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Successful People Start with Small Ideas

I remember when Kevin Taweel pitched me on a small business he wanted to buy.

We worked across the hallway from each other at Stanford’s Graduate School of Business.

He was a case writer, working with professors to research and produce the cases that drive discussions in many classrooms. I was a professor who used many of those cases to drive discussions in my own classroom.

Kevin and Jim Ellis, another recent student of mine, told me about their idea: a Texas-based company called Mr. Rescue.

It was AAA, but less well-known with fewer customers, and much less attractive to a potential investor (i.e. ME).

After all, roadside assistance is a labor-intensive service industry that would be hard to scale, and having AAA as a competitor seemed like a pretty big obstacle to success.

There were a lot of factors to consider… the basic business, the competitive landscape, the limited growth potential.

I asked Kevin to let me think it over.

The more I reflected, the more unimpressed I was with the whole deal, but I saw two compelling reasons to invest: Kevin and Jim.

Kevin played semi pro soccer in Canada. He knew how to collaborate and work towards a goal.

Jim was one of three students in a class of 56 that I gave a grade of H, meaning “honors” to during his MBA program.

So even though I wasn’t enamored with the roadside repair business, I decided to write a check to support Kevin and Jim.

Has your friend ever planned a vacation to your city after you haven’t seen them in 5 years? You know that feeling of anticipation, the potential stored inside of connection?

I knew Kevin and Jim well enough to expect a certain degree of success from this deal.

I wanted to see how this played out...

They didn’t disappoint.

  • They lined up financing and paid $8.4 million to buy the company.
  • They more than doubled its earnings before interest, taxes, depreciation, and amortization (EBITDA) in the first year.
  • They expanded, contracting with automotive, insurance, credit card, and wireless companies which could then offer roadside assistance services as add-ons to their clients.
  • They realized the potential in an emerging market, mobile phones, and made a $7.6 million acquisition in the cell phone insurance space, growing the company’s revenues by more than tenfold within three years.

Twenty-five years after my initial investment with them, Kevin still runs the company, now called Asurion.

Today Asurion has 280 million customers in eighteen countries, to whom it offers tech support, extended warranties, and mobile technology protection plans.

Still privately held, Asurion generates more than $8 billion in annual revenue—not bad for a company whose initial business plan didn’t seem very compelling.

Why is it that the most successful people don’t start with the most groundbreaking ideas?

I think it’s because the most successful people are entrepreneurial leaders.

These people are different from the entrepreneur that brings an idea to life, but needs others to keep it from dying. Or the presider who is good at keeping the machine running, but shudders at the thought of shifting gears.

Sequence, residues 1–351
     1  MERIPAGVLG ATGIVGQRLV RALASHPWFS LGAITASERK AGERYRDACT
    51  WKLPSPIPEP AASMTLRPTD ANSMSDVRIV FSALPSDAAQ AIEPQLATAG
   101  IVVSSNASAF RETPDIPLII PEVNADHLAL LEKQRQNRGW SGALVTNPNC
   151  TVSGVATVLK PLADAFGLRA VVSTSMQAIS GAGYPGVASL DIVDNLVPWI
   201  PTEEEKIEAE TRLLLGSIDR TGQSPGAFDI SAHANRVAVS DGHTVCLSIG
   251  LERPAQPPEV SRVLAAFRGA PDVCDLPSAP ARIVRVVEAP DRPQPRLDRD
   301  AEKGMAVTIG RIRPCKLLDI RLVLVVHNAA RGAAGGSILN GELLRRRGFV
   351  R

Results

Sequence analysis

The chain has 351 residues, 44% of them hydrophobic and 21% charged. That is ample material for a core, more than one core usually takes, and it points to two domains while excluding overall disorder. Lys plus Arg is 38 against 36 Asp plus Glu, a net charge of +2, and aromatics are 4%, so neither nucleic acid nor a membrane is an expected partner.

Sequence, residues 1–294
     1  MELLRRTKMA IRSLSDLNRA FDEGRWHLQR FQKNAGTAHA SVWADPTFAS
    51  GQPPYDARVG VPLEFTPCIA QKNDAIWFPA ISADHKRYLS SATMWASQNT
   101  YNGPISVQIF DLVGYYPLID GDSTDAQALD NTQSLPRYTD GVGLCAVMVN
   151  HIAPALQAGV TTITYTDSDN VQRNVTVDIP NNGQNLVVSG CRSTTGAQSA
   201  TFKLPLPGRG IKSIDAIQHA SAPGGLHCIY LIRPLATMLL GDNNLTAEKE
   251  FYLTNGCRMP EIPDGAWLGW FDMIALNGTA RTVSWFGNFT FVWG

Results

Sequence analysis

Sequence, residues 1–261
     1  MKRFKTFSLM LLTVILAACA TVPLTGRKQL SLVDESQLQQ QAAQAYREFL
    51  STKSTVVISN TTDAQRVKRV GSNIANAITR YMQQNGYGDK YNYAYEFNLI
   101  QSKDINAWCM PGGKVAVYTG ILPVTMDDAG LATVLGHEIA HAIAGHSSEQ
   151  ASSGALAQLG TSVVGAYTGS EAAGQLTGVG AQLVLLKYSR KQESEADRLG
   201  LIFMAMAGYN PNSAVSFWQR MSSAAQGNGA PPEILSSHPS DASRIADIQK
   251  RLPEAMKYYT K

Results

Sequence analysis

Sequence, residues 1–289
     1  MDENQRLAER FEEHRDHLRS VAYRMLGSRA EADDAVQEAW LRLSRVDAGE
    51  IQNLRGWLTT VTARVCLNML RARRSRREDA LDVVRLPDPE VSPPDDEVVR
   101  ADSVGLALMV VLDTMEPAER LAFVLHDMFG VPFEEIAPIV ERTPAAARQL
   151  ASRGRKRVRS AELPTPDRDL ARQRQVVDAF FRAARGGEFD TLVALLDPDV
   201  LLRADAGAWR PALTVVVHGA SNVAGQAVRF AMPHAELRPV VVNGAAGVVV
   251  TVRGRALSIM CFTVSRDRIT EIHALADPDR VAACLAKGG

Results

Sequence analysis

Entrepreneurial leaders have the idea, own the idea, and stick with the idea through celebrations and challenges.

They’re able to launch something new, turn around a failing enterprise, and anticipate and make change before they have to.

In an age of disruption, fickle consumers, fast-moving markets, and unprecedented social change, this type of nimble leadership is needed more than ever.

Kevin Taweel is an entrepreneurial leader.

Questionable ideas become a can’t-pass-up investment with an entrepreneurial leader managing them.

That’s why I invested in Kevin, and why I want to invest in you today.

I’m offering a 30% discount on my new book, Entrepreneurial Leadership: The Art of Launching New Ventures, Inspiring Others, and Running Stuff.

I’ve spent twenty-seven years teaching students at Stanford to become agents of durable change.

As an investor, I’ve learned to identify and back them; as a board member, I’ve tried to hire, develop, and promote them.

As a leader, I’ve tried to learn from those further down the path.

This book provides you with that path to achieving the highest level of influence so you can create a legacy you’re proud to leave behind for your team, company, community, and family.

I also want to give you 30 days of unlimited access to my e-course ($129 value, yours FREE), which expands on concepts outlined in the book. Here's how you can watch it right now:

1. Go to

2. Sign-up by entering your email address and a password of your choice

3. Enter your First and Last Name.

4. Once on the dashboard, click on "Join Group"

5. Enter the following key to join the group: newventures

6. The new course will now appear in your dashboard


I can’t wait to see the skills you gain and the innovation you’ll lead.

Joel Peterson

Joel Peterson is the Chairman of JetBlue Airways and the Founding Partner of Peterson Partners, a Salt Lake City-based investment management firm. Joel is on the faculty at the Graduate School of Business at Stanford University and has been since 1992, teaching courses in real estate investment, entrepreneurship, and leadership.

Want to read more? Get the book!

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